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Archaeologists uncover world’s first large-scale sand dune farm at Caesarea

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A team of archaeologists from the Israel Antiquities Authority and Bar Ilan University have uncovered a sand dune farm from the Middle Ages in Caesarea, Israel.

Situated on the coast of the Eastern Mediterranean in the Sharon Plain, Caesarea was an ancient city known as Caesarea Maritima during the Roman and Byzantine periods and a medieval city during the Arab and Crusader periods.

Caesarea was first settled during the 4th century BC as a Phoenician Colony, emerging as a major trading port during the 1st century BC under Hasmonean rule. During the Roman period, the city became the provincial capital of the Roman province of Judaea, Roman Syria Palaestina, and Byzantine Palaestina Prima.

Following the Muslim conquest of 640, the city fell under Arab rule during the 7th or 8th century AD. This period saw a gradual economic decline accompanied by the fleeing Christian aristocracy.

Caesarea was taken by Baldwin I in the wake of the First Crusade in 1101. Similar to the events that took place in Jerusalem in 1099, the Crusaders massacred a segment of the male population, enslaved women and children, and pillaged the city.

In 1187, Saladin succeeded in retaking the city, but it was later recaptured by the Europeans during the Third Crusade in 1191. Then, in 1251, Louis IX of France ordered the fortification of the city, which included the construction of high walls (some of which are still standing today) and a deep moat. Caesarea was finally lost in 1265 when it fell to the Mamluk armies of Sultan Baibars.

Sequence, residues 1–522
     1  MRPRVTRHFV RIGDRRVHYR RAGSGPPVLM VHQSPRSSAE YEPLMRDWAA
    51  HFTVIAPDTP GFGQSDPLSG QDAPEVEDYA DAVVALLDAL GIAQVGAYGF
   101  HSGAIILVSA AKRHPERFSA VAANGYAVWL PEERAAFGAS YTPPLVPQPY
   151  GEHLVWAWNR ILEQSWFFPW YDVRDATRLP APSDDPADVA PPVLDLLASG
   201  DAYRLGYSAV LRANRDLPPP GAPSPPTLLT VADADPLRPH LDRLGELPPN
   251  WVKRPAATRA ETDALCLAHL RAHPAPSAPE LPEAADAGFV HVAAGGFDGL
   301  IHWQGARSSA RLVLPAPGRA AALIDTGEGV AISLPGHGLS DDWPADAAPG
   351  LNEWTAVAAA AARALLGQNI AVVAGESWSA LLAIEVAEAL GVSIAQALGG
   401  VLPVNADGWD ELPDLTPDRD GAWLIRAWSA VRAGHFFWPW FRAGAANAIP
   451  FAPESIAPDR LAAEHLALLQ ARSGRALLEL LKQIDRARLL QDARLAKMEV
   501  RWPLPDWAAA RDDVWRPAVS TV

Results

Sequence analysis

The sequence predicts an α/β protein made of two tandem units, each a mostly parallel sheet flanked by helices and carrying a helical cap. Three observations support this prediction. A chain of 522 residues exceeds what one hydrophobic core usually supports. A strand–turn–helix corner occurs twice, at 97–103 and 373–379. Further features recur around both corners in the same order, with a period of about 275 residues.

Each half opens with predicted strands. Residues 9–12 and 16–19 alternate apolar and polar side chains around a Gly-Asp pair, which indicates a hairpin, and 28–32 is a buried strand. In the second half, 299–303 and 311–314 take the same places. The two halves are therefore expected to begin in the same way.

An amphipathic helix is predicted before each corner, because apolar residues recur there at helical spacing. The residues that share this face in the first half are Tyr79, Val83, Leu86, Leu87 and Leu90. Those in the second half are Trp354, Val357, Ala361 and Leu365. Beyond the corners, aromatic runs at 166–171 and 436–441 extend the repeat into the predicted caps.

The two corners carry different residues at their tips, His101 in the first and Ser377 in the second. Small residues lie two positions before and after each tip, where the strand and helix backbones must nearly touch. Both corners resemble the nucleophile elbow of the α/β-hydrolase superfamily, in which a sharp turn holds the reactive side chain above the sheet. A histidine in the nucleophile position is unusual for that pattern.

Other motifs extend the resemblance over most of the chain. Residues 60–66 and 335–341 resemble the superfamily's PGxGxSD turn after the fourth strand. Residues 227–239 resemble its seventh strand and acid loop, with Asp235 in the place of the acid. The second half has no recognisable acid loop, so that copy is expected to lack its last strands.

Recent excavations have uncovered an ancient farming system in the sand dunes adjacent to the city ruins. The area, dubbed “Caesarea Gardens”, is a large 1.5 square km area containing the world’s first large-scale sand dune farming.

Researchers have found 370 checkerboard crop plots containing marble fragments, coins, stones, ceramics and glass. The material was originally deposited as waste in landfills around Caesarea, which was then reused for berm construction to harness groundwater and enrich the soil.

According to the researchers, it would have taken hundreds of workers to transport the sand and reconfigure the dunes over a wide area for the Caesarea Gardens. Overall, they estimate that approximately one million workdays were invested in the agricultural project.

The team have found no evidence of archaeobotanical remains or agricultural waste, possibly due to the soil composition making it difficult to preserve plant remains. They suggest that the plots were likely used for the cultivation of vegetables, rather than orchards, cereal crops, or vineyards.

Sand dune farming was introduced to various regions including the Gaza Strip, the Sinai Peninsula, the Mediterranean coast, the Sahara, and the Atlantic coast of the Iberian Peninsula, as a result of Islamic expansion, however, the Caesarea Gardens were abandoned sometime by the Crusaders during the 12th century AD.

Header Image Credit : Yaakov Shmidov – Israel Antiquities Authority

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Archaeology

Excavation uncovers traces of the first bishop’s palace at Merseburg Cathedral Hill

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Archaeologists from the State Office for Monument Preservation and Archaeology (LDA) Saxony-Anhalt have uncovered traces of the first bishop’s palace at the southern end of the Merseburg Cathedral Hill in Merseburg, Germany.

Construction of the early Romanesque Merseburg Cathedral was begun by Bishop Thietmar of Merseburg in 1015.